Judge Your Book By Its Cover

New York Times Bestselling author Adam Grant recently said, “Instead of telling kids they shouldn’t judge a book by its cover, should we teach them to judge negative and positive examples differently? Don’t doom a book by a bad cover—but give a book with a great cover a chance.” Adam makes a good point, as he often does.

The thing about covers is: No one intentionally makes a bad cover. No one wants to “doom” their book, but so many often do. In today’s email, let’s find a way to follow Adam’s advice by giving your book a better chance with a great cover.

Here are three tips (plus one bonus tip) for creating a great book cover:

  1. Know Your Genre. If you’re writing a detective novel or a thriller, you know the elements that tell your reader what type of book this is. Once upon a time, Amish fiction was a hot genre in publishing. That means the cover had to feature a bonnet. Whether it was on the head or in the hands of a character, it had to have a bonnet to signal to the reader what it was. Not sure about your genre? Do some research on Amazon or visit a local bookstore (Yes, they still exist) to learn more.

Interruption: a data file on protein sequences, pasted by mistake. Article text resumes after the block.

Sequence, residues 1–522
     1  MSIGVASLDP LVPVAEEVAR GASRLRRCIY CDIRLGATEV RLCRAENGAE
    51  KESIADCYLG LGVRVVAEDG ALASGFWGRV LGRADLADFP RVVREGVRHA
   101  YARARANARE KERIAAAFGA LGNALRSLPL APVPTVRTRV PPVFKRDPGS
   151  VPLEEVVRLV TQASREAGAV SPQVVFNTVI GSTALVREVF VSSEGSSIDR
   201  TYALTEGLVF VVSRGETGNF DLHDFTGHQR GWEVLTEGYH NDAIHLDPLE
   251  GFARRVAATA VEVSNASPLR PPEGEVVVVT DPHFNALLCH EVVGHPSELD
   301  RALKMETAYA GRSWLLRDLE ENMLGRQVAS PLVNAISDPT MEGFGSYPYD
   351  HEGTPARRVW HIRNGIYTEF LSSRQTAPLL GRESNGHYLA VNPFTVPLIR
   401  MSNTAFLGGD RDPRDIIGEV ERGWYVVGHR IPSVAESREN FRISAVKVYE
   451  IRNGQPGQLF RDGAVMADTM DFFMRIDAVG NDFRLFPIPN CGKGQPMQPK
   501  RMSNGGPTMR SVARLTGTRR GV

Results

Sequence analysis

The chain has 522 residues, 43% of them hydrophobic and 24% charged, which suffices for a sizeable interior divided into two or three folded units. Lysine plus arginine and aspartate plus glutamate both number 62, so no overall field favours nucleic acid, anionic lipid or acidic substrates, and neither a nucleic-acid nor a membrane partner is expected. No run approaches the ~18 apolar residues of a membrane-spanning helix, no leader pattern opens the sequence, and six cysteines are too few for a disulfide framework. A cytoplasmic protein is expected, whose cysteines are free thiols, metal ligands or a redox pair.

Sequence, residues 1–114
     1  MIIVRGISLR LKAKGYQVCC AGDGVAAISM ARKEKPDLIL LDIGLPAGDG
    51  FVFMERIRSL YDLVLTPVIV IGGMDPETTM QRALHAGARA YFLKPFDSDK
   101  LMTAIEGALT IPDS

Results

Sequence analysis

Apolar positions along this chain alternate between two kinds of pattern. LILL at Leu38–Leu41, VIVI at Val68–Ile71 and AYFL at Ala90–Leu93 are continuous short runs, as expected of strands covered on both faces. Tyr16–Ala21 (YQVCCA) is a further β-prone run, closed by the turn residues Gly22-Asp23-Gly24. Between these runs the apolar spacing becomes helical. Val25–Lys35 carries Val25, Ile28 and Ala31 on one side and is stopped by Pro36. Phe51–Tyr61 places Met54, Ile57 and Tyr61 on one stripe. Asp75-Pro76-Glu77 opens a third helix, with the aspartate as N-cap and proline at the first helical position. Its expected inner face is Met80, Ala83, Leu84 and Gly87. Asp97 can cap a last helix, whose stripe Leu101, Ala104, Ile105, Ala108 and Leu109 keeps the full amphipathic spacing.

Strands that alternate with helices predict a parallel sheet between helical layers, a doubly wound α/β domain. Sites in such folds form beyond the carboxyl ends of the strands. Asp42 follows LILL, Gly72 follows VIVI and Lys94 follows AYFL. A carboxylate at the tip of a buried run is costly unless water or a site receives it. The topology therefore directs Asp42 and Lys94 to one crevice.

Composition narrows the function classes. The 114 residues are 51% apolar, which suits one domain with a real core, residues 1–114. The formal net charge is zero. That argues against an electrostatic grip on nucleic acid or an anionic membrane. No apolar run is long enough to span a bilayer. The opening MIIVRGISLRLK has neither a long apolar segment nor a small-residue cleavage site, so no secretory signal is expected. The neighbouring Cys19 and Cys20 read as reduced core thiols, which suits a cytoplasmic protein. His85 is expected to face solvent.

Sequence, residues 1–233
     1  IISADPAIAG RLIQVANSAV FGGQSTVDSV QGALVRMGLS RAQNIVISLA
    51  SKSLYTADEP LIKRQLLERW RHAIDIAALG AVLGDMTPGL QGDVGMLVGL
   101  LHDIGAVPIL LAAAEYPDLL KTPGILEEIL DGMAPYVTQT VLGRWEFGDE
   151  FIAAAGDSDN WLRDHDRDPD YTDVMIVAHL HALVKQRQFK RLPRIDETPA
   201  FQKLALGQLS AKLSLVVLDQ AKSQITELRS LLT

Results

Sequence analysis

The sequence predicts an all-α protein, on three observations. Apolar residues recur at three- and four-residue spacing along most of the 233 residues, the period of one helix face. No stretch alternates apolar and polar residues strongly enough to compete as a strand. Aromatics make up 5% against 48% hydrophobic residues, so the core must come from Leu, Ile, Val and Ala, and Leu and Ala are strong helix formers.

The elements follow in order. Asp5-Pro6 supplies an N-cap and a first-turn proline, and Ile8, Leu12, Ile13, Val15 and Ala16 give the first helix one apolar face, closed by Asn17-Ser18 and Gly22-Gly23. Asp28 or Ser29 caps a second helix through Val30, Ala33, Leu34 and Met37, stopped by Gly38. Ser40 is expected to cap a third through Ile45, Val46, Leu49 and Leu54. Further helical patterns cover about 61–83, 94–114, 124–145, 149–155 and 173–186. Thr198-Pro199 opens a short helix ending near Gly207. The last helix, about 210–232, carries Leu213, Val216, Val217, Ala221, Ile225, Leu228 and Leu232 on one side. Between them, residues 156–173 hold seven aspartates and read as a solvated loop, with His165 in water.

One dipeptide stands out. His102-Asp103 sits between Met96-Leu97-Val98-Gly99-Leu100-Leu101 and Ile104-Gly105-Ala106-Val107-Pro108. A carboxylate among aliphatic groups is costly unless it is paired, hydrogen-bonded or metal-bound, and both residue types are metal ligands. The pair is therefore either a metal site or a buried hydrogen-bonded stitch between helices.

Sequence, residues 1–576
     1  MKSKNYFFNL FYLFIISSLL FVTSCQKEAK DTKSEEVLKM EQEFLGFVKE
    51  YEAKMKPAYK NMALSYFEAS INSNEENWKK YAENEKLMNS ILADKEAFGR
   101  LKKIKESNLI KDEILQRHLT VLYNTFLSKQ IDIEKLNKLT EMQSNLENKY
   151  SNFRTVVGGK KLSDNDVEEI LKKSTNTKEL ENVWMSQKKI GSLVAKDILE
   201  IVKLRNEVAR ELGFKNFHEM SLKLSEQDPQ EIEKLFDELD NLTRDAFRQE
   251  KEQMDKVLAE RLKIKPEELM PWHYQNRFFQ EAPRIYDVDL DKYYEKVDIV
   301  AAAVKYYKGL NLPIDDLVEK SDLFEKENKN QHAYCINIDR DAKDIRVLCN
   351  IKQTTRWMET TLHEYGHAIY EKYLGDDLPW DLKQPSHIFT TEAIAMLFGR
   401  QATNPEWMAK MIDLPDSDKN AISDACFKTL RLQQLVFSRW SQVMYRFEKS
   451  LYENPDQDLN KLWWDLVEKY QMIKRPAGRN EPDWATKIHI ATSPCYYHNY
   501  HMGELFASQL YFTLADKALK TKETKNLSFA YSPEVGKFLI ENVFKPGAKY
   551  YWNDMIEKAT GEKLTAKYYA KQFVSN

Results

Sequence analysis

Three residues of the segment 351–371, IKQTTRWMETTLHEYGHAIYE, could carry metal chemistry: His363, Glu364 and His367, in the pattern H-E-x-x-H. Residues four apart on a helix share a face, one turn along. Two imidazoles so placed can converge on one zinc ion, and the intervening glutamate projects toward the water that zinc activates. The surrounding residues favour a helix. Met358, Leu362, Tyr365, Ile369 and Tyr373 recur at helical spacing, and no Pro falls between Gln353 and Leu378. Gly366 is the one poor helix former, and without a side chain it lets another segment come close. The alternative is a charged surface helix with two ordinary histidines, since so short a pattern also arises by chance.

2. Who’s Your Audience? Do you really know who your reader is? If not, you're guessing at the type of cover you think they’ll like. By knowing your audience, you can create the type of cover that gives it the “better chance” Adam is talking about.
  3. Typography, Typography, Typography. Nothing screams amateur-like typography. Great design begins with typography. When we’re talking about doomed book covers and ones that have a better chance, much of that rests on the typography. A good indicator is: Do you notice the typography? Great typography is subtle. It doesn’t call attention to the cover as much as it compliments the other elements. Think of the last doomed book cover you saw? We bet the first thing that signaled this was the typography. Make sure your cover gets the typography right.
  4. Bonus tip: Beware of Images and Author Photos. These elements date your cover incredibly fast. The clothes: Styles are already dated the moment you publish and print the cover.  Be aware of the choices you make when including images. Unless you’re a celebrity and are instantly recognizable, we wouldn’t recommend including your photo on the cover. 


“Bad covers carry weak signals, but good covers send strong signals.” 

Adam Grant 


Covers can be tricky. Everyone has an opinion, and while we don’t think you should judge a book by its cover, we do think you should follow these rules to create the best cover possible. Remember what Adam said - “...give a book with a great cover a chance.” Use these tips when creating your cover and you’ll give it a great chance. 

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